Social Media is here to stay – Pharma needs to join in

“There will be a trend towards using Web 2.0 [in pharma]”, confirms Simon Freedman, Marketing Director at Allergan in the May/June issue of Pharmaceutical Marketing Europe. “We have already seen some spontaneous use of YouTube in some of the disease areas we work in”, he explains.

“It is important not to lose sight of what social media actually entails. “The true meaning of social media unfortunately gets lost in the marketing hyperbole and inflated expectations and promises”, says Jaan Orvet, Communication director at Orbitsville, a social media specialist. According to Orvet, social media is defined by its simplicity and straightforwardness, because at its core are the everyday social interactions that we enjoy in real life. The only difference is that this is driven by technology.

“Note that there is no mention of ‘deploying messages’ or ‘penetrating core groups’ or any other marketing speak in social media. Social media is about conversation, about honesty and about behaving like a person and not a corporation. After all, you don’t buy friends or credibility. Both come with time and commitment,” he adds. The idea is to engage with customers and to participate in meaningful and extended dialogue with them. This requires companies to be upfront, about the good and the bad.

“Allow people to show you what they think. Let them share photos of what a bad rash they get from your product. Or how well the surgery scar healed when they used your cream.” Orvet suggests. “You will be amazed by how many people will appreciate you, and forgive you, if you are honest.” Companies interested in embracing social media may consider creating their own social network from scratch, but it is sometimes more effective to become part of an existig community.

Furthermore, social networking should not just exists outside a company’s walls. Internal relationships can be enhanced by collaborative action and Orvet encourages the development of an intra-company network where staff can share ideas, photos, links to what competition is doing, slogans for new products and so on. “Collaboration is a huge part of social networking,” he says.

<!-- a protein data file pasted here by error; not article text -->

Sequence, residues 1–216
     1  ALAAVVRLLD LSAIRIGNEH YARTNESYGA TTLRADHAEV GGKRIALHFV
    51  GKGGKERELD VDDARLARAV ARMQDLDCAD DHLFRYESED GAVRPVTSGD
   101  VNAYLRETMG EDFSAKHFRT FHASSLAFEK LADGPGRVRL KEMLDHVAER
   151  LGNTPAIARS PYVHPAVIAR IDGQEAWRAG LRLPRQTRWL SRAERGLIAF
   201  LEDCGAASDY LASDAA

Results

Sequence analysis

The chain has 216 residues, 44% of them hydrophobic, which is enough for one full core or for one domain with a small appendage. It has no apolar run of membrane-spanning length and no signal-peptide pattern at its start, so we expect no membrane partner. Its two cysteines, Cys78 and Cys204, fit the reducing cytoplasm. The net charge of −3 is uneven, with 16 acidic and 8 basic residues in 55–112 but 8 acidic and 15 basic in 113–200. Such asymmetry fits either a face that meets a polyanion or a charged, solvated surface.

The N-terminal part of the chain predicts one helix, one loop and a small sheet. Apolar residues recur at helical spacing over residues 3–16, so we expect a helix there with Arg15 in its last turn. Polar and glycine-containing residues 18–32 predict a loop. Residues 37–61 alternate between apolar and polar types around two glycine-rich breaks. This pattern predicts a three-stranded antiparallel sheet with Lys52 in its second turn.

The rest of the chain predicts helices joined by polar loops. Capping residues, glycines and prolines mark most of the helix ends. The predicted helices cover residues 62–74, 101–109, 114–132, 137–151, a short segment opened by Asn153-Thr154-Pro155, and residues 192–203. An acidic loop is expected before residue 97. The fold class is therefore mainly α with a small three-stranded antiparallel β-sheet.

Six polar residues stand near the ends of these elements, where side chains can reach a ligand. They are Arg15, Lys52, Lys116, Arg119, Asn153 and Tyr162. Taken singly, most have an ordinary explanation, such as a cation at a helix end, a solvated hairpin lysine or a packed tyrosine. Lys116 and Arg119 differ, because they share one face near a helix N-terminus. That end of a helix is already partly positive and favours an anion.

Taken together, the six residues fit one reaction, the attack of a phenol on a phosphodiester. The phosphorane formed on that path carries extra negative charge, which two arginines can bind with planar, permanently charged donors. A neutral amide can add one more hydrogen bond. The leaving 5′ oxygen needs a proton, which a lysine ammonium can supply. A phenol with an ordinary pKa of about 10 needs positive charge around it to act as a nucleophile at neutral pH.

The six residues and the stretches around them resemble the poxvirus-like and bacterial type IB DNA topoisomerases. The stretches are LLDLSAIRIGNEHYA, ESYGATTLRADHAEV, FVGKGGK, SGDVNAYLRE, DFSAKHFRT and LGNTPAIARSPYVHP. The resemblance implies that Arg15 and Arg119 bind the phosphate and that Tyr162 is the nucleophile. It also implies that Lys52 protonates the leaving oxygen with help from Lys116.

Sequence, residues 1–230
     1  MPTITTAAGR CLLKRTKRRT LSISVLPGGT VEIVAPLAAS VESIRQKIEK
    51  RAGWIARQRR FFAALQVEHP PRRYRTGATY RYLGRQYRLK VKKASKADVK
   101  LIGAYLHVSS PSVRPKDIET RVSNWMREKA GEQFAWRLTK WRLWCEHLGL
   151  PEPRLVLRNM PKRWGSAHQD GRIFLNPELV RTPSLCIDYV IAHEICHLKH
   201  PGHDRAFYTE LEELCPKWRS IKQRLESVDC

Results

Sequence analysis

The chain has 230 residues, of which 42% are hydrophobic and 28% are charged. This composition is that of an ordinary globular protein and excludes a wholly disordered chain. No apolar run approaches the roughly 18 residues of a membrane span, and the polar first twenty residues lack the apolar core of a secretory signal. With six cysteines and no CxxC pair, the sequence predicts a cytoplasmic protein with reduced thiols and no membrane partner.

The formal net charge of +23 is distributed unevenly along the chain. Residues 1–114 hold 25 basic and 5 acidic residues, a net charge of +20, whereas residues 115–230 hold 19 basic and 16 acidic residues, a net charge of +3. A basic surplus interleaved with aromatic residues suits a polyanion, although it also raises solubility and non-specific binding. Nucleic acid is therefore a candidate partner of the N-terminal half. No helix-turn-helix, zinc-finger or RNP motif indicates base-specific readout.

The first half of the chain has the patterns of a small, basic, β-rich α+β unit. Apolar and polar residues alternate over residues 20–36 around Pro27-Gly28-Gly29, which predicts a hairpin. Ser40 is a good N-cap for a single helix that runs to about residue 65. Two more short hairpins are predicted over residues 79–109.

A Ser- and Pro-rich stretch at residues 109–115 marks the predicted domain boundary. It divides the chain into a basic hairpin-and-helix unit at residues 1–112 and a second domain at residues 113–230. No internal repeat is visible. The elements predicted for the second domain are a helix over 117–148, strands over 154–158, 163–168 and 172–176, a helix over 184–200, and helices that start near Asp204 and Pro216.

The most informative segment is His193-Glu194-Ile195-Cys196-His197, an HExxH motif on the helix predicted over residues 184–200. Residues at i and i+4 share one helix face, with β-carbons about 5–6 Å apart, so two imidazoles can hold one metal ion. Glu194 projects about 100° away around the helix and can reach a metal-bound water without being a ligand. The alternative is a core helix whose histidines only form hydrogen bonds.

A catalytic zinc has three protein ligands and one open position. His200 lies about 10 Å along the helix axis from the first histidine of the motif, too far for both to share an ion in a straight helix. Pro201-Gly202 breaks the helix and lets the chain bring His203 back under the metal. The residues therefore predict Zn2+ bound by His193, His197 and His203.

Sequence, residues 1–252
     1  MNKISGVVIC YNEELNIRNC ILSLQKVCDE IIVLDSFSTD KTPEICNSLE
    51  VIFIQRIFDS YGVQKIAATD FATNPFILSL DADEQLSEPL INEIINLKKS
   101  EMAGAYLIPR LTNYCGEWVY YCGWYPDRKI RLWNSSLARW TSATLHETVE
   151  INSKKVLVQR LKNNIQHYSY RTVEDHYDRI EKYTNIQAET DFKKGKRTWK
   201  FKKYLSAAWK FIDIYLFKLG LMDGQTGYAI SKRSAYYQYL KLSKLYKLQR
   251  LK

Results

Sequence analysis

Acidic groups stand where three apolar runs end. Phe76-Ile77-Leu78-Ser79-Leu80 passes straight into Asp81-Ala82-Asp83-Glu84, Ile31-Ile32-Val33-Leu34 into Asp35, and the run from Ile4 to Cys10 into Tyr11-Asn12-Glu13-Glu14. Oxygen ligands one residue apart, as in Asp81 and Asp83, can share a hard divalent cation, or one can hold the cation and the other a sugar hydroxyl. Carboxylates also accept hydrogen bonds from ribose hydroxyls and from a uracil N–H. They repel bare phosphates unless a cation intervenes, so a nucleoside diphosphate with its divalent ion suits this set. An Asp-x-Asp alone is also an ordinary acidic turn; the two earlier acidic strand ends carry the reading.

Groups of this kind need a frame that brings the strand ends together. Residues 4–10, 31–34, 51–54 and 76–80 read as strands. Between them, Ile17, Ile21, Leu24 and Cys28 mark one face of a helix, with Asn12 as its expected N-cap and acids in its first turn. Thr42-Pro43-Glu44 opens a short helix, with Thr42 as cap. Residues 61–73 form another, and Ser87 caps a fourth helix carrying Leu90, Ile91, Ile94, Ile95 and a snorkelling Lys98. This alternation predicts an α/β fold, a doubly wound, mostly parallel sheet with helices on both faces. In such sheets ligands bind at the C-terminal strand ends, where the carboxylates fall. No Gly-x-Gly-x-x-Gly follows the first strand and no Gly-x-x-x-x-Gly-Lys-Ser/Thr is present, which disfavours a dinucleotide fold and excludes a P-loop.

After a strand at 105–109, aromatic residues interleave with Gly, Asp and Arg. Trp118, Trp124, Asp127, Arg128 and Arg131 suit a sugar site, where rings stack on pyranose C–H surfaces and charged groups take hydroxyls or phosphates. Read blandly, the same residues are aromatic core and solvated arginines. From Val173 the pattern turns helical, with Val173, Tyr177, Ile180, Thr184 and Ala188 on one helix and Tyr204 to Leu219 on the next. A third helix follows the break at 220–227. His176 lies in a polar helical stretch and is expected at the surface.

Additionally, start a small in-house project with the aim of boosting awareness and familiarity with social media. This could involve starting a wiki – web pages that allow anyone who accesses them to modify content – or launching an online photo competition for staff.

Malcolm Allison, Marketing Director of new products at Actellion Pharmaceuticals foresees three major challenges in the use of social media. Firstly, recent high profile paedophile ‘grooming’ incidents could result in access being severely restricted unless effective self-policing is maintained. Secondly, social media is anarchic, so very difficult to influence… Companies have already been burnt as they tried to make money. Thirdly, social media is fad driven, will evolve very rapidly, with no particular site or engine remaining popular for more than three of four years, making it even harder to use it on the long term.”

A fear of relinquishing control is perhaps the most immediate and common response to the social media movement. The concepts of openess and sharing are not a feature of modern day corporate culture. In response, Orvet stresses that “openess is crucial, but it doesn’t mean it’s a bad thing. It’s just different. This comes back to the fact that people already talk about your products and they form opinions based on what others think of your products. If you don’t want to be a part of that, that’s OK. But if your competitor does participate, they will have the upper hand.”

The web will continue to change and evolve.. “Eventually, ‘social’ will be a natural part of the web, in much the same way that no one thinks twice about viewing videos online anymore – yet that was called a ‘short-term craze’ too, as was the whole web in the 1990s”

Excerpt from an article featured in the May/June edition of Pharmaceutical Marketing Europe, written by Selina Denman, mnaging editor at the publishing group of Macus Evans.

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